New Physics Faculty Member Left in Limbo Overseas by COVID-19
By Ben Panko
After months of preparation and packing, Ulrike Endesfelder was on track this spring to move her entire lab and life from Europe to Pittsburgh. Then, COVID-19 got in the way.
Endesfelder was in the process of leaving her position as a research group leader at the Max-Planck-Institute for Terrestrial Microbiology in Marburg, Germany, to join the Mellon College of Science's Department of Physics.
The move had been in the works on both sides since soon after she accepted CMU’s offer last year, Endesfelder explained. After arranging her visa and move, she and her group were set to start in Pittsburgh on April 1. Endesfelder and her lab signed the paperwork to leave their German jobs, and sent off a container full of equipment and supplies to head across the Atlantic Ocean on March 9.
Then, two days later, the United States government banned all travel from the European Union to the United States.
"Our lab equipment container was already on the water," Endesfelder said.
Endesfelder and the postdoctoral fellows and Ph.D. students who were moving with her to Pittsburgh were suddenly left without jobs or their lab tools.
Fortunately, the Max-Planck Institute was able to reemploy Endesfelder and her research group so they could retain their health insurance (an important thing to have in a pandemic). But that was hardly the only setback.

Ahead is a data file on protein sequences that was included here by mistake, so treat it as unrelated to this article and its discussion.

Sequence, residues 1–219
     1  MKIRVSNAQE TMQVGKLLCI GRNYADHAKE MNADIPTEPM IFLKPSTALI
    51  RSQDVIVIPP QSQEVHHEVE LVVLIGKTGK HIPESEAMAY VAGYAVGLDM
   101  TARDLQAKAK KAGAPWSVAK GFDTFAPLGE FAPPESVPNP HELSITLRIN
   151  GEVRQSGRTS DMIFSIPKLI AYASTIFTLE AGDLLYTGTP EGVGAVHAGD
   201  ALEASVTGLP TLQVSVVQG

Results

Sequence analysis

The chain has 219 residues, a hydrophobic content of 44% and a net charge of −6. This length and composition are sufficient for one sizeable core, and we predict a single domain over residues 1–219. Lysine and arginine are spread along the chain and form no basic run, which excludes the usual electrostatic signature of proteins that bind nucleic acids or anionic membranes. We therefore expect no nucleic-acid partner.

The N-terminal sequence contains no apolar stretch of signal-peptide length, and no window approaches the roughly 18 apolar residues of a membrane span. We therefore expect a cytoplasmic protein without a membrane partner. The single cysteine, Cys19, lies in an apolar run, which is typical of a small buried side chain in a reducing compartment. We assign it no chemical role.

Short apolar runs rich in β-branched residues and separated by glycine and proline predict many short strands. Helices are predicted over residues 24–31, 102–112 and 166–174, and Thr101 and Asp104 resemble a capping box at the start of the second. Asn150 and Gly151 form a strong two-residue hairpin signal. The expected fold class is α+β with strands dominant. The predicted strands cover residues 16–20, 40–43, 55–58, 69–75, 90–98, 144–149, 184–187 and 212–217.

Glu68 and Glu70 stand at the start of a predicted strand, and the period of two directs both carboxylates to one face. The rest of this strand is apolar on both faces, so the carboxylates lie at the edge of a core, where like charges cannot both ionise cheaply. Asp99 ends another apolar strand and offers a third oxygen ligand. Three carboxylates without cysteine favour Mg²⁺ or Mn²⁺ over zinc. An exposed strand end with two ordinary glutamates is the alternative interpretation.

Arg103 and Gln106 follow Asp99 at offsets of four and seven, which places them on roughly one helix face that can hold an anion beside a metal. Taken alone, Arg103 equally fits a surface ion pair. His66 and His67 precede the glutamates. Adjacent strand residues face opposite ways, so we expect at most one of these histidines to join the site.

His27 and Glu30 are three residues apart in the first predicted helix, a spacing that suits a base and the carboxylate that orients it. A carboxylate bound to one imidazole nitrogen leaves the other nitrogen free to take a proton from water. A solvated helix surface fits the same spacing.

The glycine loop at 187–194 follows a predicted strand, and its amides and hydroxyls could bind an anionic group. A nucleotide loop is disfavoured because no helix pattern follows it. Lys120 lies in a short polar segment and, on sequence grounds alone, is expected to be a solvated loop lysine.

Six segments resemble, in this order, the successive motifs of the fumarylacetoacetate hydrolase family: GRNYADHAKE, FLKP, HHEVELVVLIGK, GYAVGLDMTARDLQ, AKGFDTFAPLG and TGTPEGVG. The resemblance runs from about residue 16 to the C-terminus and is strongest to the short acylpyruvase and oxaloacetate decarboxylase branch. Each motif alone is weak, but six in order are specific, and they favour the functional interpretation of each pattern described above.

"We all had canceled our private lives in Germany, such as flats and other contracts," Endesfelder said, noting that she and her group had to move back in with their parents while waiting to emigrate to the U.S.
Meanwhile, Endesfelder's container of lab equipment arrived in Pittsburgh without her there to meet it. Through the magic of video calling, however, Endesfelder was able to supervise Professor of Physics Markus Deserno receiving dozens of boxes of equipment. Among the supplies arriving at her lab were thousands of pairs of gloves, which Endesfelder and Deserno donated to health care workers in the Pittsburgh area.
One upside of being caught in the middle of an international move when a pandemic struck was that Endesfelder was more prepared for her work to be disrupted than many of her coworkers at the Max-Planck Institute.
"We're the experimental group best prepared here because we were already shut down," Endesfelder noted. While her colleagues were in the middle of experimental runs, Endesfelder's group had anticipated the disruption of shipping and setting up a new laboratory and prerecorded lots of extra data that they've been analyzing during this shutdown.
So far, while both countries open up internally, nothing has changed concerning the international travel restrictions.
Endesfelder said she is concerned about new regulations that could bar non-immigrant workers with H1-B or J1 visas. “If researchers and students are not exempt from these, we will not be able to enter the U.S. for a long while — most likely until after the general election,” Endesfelder noted. “Both my career, as well as the career of my group members, will be at stake. While we can compensate for all of this for some months, until the end of January 2021 will be quite another dimension.”